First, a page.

The issues facing horses and horse ownership up here in Alaska sometimes serve as an example of human failings.
Just a few days ago, a person posted on a local group, looking for a new home for a mare. It was written in such a way as to lead a logical person to presume that immediate rescue was needed. Not knowing anything more, I did what I always do: Stood right up and said I had feed and space. In my mind I was envisioning a skinny horse, needing good feed and attention.
As the days unfolded I learned more about the horse.
The poor thing has been in three homes in three months. She was orginally purchased for a 9 yo girl and shortly after the horse was moved "home", the girl lost interest. They were going to give her to a dog musher. She then went to another new home-this person is not particularly well respected, as she breeds anything and everything with a uterous to her fugly stallion. Stories differ slightly but the gist is, the mare's presence created difficulties with the stallion owner. Being a trash owner, she got very angry and told an acquaintance that the mare had to go, that's it, she is done feeding her. The acquaintance stepped right up and took the horse....again being saved from a dog lot.
In truth, the mare is in decent weight, is healthy, and can eat hay. Aside from unknown handing or training issues that may arise, there is nothing wrong with her at all.
She is just unwanted.
AER won't take her in, they save their precious resources for those horses that are in dire straits. The local AC office does not accept horses either, a recent change since they have had a half dozen dropped off this winter so far (not counting the cases they are working of course).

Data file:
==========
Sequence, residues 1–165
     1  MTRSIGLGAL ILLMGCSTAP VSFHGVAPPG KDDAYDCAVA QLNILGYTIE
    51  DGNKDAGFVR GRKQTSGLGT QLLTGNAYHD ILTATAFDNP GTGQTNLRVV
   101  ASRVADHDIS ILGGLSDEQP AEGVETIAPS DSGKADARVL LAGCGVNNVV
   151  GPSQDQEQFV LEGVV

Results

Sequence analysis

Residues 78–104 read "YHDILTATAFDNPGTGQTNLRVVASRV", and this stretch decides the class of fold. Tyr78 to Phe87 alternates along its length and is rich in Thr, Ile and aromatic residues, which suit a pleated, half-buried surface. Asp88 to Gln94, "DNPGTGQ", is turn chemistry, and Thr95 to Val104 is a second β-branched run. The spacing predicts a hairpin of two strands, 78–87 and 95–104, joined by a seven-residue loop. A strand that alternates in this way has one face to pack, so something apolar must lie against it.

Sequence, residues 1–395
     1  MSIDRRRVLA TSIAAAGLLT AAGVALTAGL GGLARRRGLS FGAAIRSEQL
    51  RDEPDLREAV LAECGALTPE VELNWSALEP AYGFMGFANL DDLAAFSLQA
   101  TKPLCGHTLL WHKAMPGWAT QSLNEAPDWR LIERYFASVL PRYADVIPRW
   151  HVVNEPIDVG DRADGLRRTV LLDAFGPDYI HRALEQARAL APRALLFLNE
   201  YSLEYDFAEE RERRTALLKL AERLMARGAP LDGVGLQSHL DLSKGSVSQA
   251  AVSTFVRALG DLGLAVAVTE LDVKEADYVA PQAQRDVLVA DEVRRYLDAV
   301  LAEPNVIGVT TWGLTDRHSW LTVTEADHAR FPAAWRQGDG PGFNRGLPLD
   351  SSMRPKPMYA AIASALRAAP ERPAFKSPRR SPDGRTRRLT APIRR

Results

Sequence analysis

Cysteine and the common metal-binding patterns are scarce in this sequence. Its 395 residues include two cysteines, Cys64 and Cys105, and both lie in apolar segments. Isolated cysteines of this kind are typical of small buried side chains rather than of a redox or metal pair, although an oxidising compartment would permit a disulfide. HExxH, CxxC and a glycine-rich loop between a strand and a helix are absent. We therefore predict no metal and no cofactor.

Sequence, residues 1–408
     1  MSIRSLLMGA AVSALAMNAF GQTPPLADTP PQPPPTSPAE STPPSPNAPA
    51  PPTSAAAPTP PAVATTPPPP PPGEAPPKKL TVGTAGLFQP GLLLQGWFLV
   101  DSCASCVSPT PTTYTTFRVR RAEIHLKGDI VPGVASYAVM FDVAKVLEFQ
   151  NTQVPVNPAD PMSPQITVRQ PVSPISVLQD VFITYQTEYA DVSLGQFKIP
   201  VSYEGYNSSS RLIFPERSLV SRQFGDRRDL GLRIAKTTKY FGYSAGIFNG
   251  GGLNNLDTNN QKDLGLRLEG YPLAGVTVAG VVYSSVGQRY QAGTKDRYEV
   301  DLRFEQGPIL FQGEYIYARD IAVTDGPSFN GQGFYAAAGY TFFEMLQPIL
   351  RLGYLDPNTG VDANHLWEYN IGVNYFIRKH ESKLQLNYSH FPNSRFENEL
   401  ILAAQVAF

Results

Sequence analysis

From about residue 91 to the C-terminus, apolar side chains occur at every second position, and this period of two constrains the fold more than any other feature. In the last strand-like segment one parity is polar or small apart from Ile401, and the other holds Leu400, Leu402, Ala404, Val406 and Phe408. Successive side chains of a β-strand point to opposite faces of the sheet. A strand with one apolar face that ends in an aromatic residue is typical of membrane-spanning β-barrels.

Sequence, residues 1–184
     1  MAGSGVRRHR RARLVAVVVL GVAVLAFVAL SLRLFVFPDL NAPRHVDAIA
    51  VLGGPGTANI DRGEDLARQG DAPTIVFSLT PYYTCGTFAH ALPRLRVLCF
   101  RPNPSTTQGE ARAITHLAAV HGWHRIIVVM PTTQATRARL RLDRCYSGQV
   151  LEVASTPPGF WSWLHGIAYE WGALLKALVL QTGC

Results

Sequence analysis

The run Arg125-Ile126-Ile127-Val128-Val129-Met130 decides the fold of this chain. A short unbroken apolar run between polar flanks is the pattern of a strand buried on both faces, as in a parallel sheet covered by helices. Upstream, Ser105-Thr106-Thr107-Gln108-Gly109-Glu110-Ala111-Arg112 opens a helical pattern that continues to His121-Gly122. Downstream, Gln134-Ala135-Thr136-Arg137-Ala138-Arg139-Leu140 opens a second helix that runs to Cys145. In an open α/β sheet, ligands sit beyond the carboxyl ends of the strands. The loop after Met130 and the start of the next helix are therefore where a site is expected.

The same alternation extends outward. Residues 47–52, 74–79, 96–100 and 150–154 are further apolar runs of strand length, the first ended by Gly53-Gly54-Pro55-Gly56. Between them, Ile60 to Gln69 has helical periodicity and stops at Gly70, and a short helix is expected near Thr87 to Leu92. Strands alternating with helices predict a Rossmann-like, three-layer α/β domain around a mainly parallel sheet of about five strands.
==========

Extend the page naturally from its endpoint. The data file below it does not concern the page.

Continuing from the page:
Thanks to the person who posted on the local group, I was able to network a bit, and it looks as though a permanent companion home has been found. But her plight illustrates the failings of the humans responsible. From the person who sold the mare originally in October for the 9 yo girl, and never did a sales contract with first right of refusal, to the stallion owner who was looking for a cheap broodie, to the newbies who are overwhelmed and out of space, it's been one long passage from frying pan to frying pan for this old mare. Even her breeding and age are unknown by this time-too many hands in too short a time.
I like to think that I played a pivotal role in giving this mare a retirement situation. If I had not, she would no doubt have continued to be unwanted and passed around, until such time as she end up on a dog lot-shot for sled dog food. And that, my friends, is the cruel reality of the aged horse in Alaska.